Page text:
Yet much of the reason for those expectations of credit tightening are still there: credit really surged, particularly in March. Read more
The China Banking Regulatory Commission last week issued several strict-sounding new rules applying to the issuance of Wealth Management Products. The investment products have seen massive growth in the past year, with assets tripling to RMB10tn in the past two years, equivalent to 10 per cent of all China’s bank deposits.
Apart from upsetting share prices of mainland Chinese banks, what are the new rules actually going to achieve — if anything? Read more
The China flash manufacturing PMIs have beaten expectations this month, coming in at 51.7 compared to 50.4 in February, and above the forecast consensus of 50.8. Here’s the table of component directions:
It was supposed to be one of the best trades of 2013 – buy mining stocks to get leveraged upside to the global economic turnaround. But as we approach the end of the first quarter, only one half of that equation is working. The world economy is recovering strongly but the big miners are being well and truly left behind – Australian Financial Review.
Yep, the miners as a ‘leveraged play on global growth” is not going exactly to plan: Read more
Hardly anyone, it seems, believes that China’s shale gas efforts are going to hit paydirt any time soon.
Reuters wrote yesterday that the shale gas revolution risks ‘running further off track’ — and this is before it has even begun to produce any significant volumes. Read more
A big stack of official Chinese economic data was released over the weekend and it paints a somewhat mixed picture of the country in 2013.
The short version is that some growth indicators were significantly weaker than expected, but others beat consensus forecasts — and consumer inflation appears to be on the rise again, even when the new year effect is discounted. This comes after strong export growth and weak import data surprised everyone late last week. Read more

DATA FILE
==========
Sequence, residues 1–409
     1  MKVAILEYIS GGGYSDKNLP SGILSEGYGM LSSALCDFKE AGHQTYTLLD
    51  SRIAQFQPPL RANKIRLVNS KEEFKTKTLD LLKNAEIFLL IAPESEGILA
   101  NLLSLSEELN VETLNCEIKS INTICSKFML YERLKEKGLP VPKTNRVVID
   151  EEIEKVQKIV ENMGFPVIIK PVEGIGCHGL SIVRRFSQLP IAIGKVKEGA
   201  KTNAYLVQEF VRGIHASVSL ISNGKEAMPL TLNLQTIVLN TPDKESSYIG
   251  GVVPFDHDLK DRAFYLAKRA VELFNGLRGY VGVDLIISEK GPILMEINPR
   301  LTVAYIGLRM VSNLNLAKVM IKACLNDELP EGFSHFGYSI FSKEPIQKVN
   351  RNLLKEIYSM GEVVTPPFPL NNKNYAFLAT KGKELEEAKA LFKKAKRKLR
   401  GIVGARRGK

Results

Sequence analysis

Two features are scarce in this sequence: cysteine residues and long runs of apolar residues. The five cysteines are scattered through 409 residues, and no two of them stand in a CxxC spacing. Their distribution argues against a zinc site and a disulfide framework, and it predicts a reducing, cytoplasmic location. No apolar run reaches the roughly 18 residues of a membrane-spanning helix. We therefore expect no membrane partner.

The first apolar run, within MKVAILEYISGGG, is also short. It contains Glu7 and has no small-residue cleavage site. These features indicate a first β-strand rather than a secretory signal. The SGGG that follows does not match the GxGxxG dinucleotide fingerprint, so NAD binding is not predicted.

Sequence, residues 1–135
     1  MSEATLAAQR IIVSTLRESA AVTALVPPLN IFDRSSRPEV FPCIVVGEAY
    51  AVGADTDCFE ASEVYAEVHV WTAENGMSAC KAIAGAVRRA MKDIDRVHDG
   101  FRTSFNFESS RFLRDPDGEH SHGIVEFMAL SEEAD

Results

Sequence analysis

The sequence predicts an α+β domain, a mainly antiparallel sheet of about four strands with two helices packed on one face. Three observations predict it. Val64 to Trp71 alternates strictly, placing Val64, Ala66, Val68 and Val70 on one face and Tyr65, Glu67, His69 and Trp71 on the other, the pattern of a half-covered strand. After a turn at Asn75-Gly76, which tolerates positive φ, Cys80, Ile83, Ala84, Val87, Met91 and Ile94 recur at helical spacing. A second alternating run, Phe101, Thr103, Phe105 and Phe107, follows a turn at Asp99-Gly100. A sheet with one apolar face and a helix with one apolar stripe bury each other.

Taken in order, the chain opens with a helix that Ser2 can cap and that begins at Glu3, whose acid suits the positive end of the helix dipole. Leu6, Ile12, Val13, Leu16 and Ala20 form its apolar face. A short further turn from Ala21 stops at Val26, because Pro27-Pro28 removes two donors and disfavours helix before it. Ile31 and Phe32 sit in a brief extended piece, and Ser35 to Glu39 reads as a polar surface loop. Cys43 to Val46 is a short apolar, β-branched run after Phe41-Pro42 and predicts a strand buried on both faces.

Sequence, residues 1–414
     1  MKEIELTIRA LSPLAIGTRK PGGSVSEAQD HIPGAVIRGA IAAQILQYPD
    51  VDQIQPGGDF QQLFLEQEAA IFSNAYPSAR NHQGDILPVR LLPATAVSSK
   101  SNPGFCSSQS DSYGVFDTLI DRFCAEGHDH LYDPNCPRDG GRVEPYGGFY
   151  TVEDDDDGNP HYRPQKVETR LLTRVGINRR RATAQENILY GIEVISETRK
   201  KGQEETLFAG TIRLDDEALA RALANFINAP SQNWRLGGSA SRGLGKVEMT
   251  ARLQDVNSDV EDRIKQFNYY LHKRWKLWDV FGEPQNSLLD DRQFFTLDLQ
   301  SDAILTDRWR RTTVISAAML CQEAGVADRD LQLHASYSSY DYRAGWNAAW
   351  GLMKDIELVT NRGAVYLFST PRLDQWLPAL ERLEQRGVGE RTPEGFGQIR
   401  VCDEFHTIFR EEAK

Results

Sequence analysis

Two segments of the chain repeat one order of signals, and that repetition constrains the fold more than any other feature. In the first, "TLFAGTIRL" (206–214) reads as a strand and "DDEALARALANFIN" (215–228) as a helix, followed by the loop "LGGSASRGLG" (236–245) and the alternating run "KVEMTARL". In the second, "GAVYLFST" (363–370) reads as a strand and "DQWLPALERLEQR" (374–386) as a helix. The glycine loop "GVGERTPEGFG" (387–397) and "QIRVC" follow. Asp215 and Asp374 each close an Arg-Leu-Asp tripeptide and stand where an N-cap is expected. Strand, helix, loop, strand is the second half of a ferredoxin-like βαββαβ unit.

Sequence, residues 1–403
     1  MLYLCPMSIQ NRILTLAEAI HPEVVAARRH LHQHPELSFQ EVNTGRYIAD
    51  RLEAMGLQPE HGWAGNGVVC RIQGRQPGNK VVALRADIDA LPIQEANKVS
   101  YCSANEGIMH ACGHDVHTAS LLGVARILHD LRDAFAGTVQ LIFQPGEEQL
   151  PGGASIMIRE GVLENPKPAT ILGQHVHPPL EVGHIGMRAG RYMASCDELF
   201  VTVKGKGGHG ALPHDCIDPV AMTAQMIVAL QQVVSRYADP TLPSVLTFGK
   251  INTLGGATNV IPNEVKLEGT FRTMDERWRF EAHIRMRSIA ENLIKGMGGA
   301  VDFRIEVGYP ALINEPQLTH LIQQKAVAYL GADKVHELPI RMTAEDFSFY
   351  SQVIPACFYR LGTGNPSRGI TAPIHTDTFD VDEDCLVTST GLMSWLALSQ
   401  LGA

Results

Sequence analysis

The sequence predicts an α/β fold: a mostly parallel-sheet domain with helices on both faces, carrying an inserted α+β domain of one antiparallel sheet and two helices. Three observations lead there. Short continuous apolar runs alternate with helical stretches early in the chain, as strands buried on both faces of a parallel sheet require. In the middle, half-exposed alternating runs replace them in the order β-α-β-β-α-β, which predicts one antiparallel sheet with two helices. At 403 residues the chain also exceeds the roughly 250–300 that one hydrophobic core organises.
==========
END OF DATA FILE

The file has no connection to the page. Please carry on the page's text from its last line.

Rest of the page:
China’s National People’s Congress annual plenary began today, with soon-to-be-former premier Wen Jiabao outlining the official economic targets for 2013. We’ve written a few posts lately about how China’s growth has become increasingly driven linked to credit and, particularly, fast-growing shadow finance. More recently, there are signs the authorities are feeling less comfortable with letting shadow finance run riot — but at the same time, its role in fuelling growth makes a big or sudden curtailment look unlikely.
The targets announced today added to signs of discomfort with unchecked credit growth, according to various China watchers. Read more
The 12th National People’s Congress convenes tomorrow in Beijing and, by the time it ends, Xi Jinping will be named head of state and Li Keqiang will be appointed premier.
There’s naturally much speculation around the signals for policy direction that might emerge. Although the events are more akin to formalities than actual decision-making fora, they are being watched closely for clues about the new leadership’s appetite for reforms — which may be revealed through bureaucratic reshuffles, as the FT’s Jamil Anderlini explains. Read more
First, a reminder of the degree to which China’s growth has been increasingly fuelled by credit over the past few years:
The chart above doesn’t quite show it, but non-bank credit growth outpaced bank loans last year. The rise of China’s shadow banking scene has happened very rapidly — much of the growth only happened since 2009. Read more
The flash HSBC/Markit China PMI number for February: 50.4. That’s a four-month low and quite a drop from 52.3 of January. Yet, as HSBC’s Hongbin Qu reminds us, it’s also the fourth consecutive month of expansion above 50 — the level which demarcates between above-trend and sub-trend growth.
So, what to make of it? Well firstly, Chinese New Year happened in February and, yes, you probably need to treat January and February data with caution because this holiday a) can fall in either month, and b) is huge. Read more